Through the fundraising efforts of a Laramie-based organization, rural women in Brazil will soon have access to preventative screening measures for breast cancer.
Since its inception in 2009, the Biojewelry for Breast Cancer organization has raised $50,000 through the sale of handcrafted jewelry, with proceeds benefitting a brand-new breast cancer diagnosis center at the Federal University of Goiás in Brazil. The project began as an initiative of the nonprofit organization Partners of the Americas, which connects international communities.
“We wanted to involve youth in our organization, and we thought that the best way of involving youth is to have something that’s hands on, that’s creative and active,” said Dorly Piske, founder of Biojewelry for Breast Cancer and president of the Wyoming Partners of the Americas chapter.
“So, we chose to start this biojewelry project and it was based on an identified need of lack of access to mammogram screenings in the rural areas in the state of Goiás, because that’s where our relationship is.”
The mortality rate in these rural areas is significantly higher than average, Piske said, and the new center intends to double the number of women served, currently 9,000 per year. The $50,000 contribution allowed the center to acquire a service for digitalizing exam images.
To raise money for the cause, volunteers create and sell earrings, bracelets and necklaces created from biological materials from Brazil.
“The majority of these beads are nuts from palm trees, mostly from the Amazon region, and this is a huge, huge variety of them,” Piske said. “Each different type of palm tree will produce a different type of nut, which is then processed in villages, but some of the beads come from different types of plants — it could be vines, or it could be ornamental plants.”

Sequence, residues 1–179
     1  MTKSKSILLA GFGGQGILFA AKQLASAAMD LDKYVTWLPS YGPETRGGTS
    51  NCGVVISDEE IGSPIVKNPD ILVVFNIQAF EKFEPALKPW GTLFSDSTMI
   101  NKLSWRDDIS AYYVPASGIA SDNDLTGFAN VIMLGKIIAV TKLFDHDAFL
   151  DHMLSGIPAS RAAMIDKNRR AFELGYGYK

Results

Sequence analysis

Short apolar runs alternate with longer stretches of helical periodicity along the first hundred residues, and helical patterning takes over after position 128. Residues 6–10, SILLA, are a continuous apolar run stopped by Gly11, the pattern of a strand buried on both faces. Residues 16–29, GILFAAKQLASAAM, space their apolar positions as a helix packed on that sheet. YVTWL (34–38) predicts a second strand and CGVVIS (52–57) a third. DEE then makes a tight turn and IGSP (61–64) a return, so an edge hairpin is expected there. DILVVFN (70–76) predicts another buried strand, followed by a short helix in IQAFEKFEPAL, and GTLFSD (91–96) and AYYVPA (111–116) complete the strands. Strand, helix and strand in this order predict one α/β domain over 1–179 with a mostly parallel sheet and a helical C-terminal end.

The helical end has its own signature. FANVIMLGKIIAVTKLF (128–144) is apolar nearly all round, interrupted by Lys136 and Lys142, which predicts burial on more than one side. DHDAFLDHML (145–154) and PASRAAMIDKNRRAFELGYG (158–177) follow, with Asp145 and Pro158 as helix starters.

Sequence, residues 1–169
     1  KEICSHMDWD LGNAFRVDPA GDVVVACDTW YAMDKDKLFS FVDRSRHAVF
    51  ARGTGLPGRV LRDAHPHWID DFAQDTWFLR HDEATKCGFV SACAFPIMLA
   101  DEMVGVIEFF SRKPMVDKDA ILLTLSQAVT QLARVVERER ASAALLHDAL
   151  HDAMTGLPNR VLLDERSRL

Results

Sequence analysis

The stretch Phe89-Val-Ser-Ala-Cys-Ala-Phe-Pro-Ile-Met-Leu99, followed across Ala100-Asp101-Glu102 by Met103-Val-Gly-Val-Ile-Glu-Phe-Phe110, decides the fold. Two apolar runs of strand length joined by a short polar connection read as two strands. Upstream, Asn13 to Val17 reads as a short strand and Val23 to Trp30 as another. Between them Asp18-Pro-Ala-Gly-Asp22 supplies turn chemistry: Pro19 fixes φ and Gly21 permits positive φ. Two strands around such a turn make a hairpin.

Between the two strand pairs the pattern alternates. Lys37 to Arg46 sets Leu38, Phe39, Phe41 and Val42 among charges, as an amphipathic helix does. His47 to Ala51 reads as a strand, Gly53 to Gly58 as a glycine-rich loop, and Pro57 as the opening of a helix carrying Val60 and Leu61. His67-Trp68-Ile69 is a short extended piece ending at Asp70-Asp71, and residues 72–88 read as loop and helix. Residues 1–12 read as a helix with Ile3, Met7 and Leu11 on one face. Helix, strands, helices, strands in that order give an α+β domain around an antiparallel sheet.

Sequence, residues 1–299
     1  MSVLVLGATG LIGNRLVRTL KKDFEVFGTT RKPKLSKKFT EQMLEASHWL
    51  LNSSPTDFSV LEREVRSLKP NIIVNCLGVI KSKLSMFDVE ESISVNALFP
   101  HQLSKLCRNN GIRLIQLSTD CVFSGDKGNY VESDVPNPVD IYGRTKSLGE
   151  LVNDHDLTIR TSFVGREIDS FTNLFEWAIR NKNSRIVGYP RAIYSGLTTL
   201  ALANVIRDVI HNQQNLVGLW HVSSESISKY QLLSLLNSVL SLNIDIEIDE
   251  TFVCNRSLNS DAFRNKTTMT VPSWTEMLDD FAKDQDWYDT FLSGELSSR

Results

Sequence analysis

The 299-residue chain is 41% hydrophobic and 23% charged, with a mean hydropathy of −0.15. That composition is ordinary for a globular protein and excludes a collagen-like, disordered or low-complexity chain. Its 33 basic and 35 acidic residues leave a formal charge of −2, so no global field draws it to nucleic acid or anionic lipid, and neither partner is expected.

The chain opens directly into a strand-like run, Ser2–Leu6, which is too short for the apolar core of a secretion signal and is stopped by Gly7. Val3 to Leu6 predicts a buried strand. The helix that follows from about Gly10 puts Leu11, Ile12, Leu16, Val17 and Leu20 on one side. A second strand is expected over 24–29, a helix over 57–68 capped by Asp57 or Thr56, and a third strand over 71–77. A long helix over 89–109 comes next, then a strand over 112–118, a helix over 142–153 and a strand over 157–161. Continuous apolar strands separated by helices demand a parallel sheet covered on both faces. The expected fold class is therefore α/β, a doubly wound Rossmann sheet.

Volunteers meet once a week in the basement of the University of Wyoming’s Cheney International Center. The number of attendees fluctuates week to week but typically includes students from UW and Laramie High School.
Depending on the style, number of beads and type of beads, prices can vary from $5-$25 for bracelets, $10-$15 for earrings and $15-$40 for necklaces.
The items are typically sold at campus events, and Piske often takes some of the jewelry with her when she travels to conferences.
Tamicka Linstead, a University of Wyoming student and intern at Big Brothers Big Sisters, began volunteering with the organization in August and said she enjoyed “being crafty, creating something, feeling capable.”
“They like the open-endedness of the workshops,” Piske said. “Nobody’s forced to do anything that they don’t want; they can choose what they want to do. They can choose the beads that they like, and I help them with the techniques, too.”
Piske plans to visit the new breast cancer diagnosis center in the near future and meet with the medical team there to determine the organization’s next steps. In the meantime, volunteers will continue to create biojewelry, she said.
She said it was exciting to see how a combination of lots of small actions — “bead by bead, bracelet by bracelet” — can culminate in something meaningful.
“Believing in an idea, acting on it, mobilizing supporters, and persisting make achieving goals such as this possible,” she said. “The sum of countless small contributions can have an impact, make a difference.”